Between the 16th and 17th centuries, the Pantheon in Rome underwent a period of artistic renewal that made it a popular burial site for some of the most important artists and political figures of the Italian peninsula. Historical celebrities buried inside the Pantheon include Annibale Carracci, King Victor Emmanuel II, King Umberto I, his wife Margherita of Savoy, and Raphael.


Raphael was the first to be buried inside the Pantheon, an unprecedented privilege at the time. He specifically requested this honor, and Pope Leo X subsequently agreed that the artist was worthy of resting within Rome’s greatest symbol of its glorious past.


At the height of his short career, Raphael was considered almost “divine” by his contemporaries. Reading the condolences and pain of his friends and colleagues as they grieved the loss of this artist who so loved ancient Rome, it becomes easy to understand why this ancient Roman temple was considered the perfect resting place.

If you wish to find out everything about the history of the Pantheon in Rome, you can find more information in this blog post.

His tomb can be found at the base of the third aedicule inside the Pantheon, surmounted by the Madonna del Sasso which was created by his own pupil, Lorenzo Lotti (also known as Lorenzetto) and Raffaello da Montelupo. However, the Roman sarcophagus that houses him today is a more recent construction, provided only after his original tomb was opened for verification in 1833 after having been lost for centuries.

The inscription that appears on the tomb today bears the words of Cardinal Pietro Bembo, underlining the greatness of Raphael’s genius and fame:

Ille hic est Raphael timuit quo sospite vinci, rerum magna parens et moriente mori”

(Here lies Raphael: who in life, caused mother nature to fear that she would be outdone, and in death, to fear that she would die too).

Raphael’s tomb resulted in the Pantheon becoming a fashionable burial site for other artists. In subsequent years, many other important names obtained the privilege of resting in the Pantheon, such as Baldassare Peruzzi, Taddeo Zuccari, and Perin del Vaga, a pupil of Raphael known for his decoration of the papal apartments in Castel Sant’Angelo.

One of the most important artists of the late 16th century rests right next to Raphael, the great Annibale Carracci. This painter distinguished himself throughout Rome with his magnificent frescoes in Palazzo Farnese, which so impressed his contemporaries that they even compared him to his illustrious predecessor. For this, he was honored with a burial site to the right of Raphael’s own tomb.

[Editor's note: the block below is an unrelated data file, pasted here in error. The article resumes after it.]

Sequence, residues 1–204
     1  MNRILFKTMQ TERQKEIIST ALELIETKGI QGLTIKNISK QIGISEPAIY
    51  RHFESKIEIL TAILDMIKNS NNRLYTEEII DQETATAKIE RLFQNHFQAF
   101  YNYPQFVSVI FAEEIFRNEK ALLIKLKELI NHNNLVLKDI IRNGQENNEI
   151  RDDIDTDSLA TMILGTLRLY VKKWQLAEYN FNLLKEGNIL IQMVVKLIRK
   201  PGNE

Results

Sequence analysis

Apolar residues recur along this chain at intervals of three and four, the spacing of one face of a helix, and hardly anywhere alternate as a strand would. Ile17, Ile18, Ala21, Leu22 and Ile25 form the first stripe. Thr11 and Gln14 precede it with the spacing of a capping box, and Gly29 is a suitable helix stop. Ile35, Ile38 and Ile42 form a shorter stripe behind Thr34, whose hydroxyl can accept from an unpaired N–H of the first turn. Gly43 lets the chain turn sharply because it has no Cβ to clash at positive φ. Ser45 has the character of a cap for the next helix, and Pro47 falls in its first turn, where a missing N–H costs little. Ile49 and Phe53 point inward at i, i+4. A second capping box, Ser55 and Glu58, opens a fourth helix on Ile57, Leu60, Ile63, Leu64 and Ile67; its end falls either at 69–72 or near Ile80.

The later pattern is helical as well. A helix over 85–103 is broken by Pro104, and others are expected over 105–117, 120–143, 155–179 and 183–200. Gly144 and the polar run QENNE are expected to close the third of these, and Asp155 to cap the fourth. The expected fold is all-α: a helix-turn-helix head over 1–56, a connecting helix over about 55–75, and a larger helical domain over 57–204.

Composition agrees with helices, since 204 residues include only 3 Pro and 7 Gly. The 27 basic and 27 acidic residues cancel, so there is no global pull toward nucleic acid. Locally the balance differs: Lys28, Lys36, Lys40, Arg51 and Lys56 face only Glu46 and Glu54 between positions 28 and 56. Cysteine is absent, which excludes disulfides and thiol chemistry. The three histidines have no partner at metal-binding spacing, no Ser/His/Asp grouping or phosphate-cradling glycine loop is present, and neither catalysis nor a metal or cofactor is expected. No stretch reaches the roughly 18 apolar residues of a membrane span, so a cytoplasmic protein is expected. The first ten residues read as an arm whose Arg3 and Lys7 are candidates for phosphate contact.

After the Renaissance period, the tradition of burying artists inside the Pantheon gradually declined. During the 17th and 18th centuries, other churches were chosen as resting places by painters and architects, primarily to link themselves to the works they completed within those very churches. This new trend effectively ended the Pantheon’s role as a burial site.

However, the unification of Italy placed the Pantheon in the spotlight once again. In 1871, Rome became the capital of the “new” Italy and the Kings wished to underline their bond with the city, as descendants of Rome’s glorious history. As a result, the first sovereign of unified Italy, Victor Emmanuel II, resumed the tradition of burials inside the Pantheon.

For centuries, the Savoy family had been buried in the Mausoleum of Superga, in Turin, but Victor Emmanuel II broke this tradition by commissioning a tomb inside the ancient pagan temple. The Pantheon, now known as the Basilica of St. Mary and the Martyrs, thus became the final resting place for Italian sovereigns over the following century.

The tomb of Victor Emmanuel II seen today inside the Pantheon was built in 1885 by Manfredo Manfredi upon winning a competition. The inscription reads “Victor Emmanuel, Father of the Nation”, surmounted by a bronze eagle, underlining the pivotal role of the sovereign in the unification of the country and a specific reference to Rome’s great imperial power.


On the left side of the Pantheon, straight across from Victor Emmanuel II’s tomb, lies his son, the second king of Italy, Umberto I with his wife Margherita of Savoy. This king’s tomb was designed by the architect Giuseppe Sacconi but was actually built by his pupil, Guido Cirilli. The tomb features an alabaster plaque, allegorically decorated by Goodness and Generosity.

According to the Savoys, placing the sovereigns within the Pantheon allowed people to visit their heroes and reinforced their close relationship with Roman society. It is still possible to see the Guard of Honor watching over the tombs.

This tradition was interrupted by the advent of fascism and the exile of the last king of Italy at the end of World War II. The Pantheon has had no new burials since the second half of the 20th century, though it continues to serve as the beating heart of Roman history and Christianity.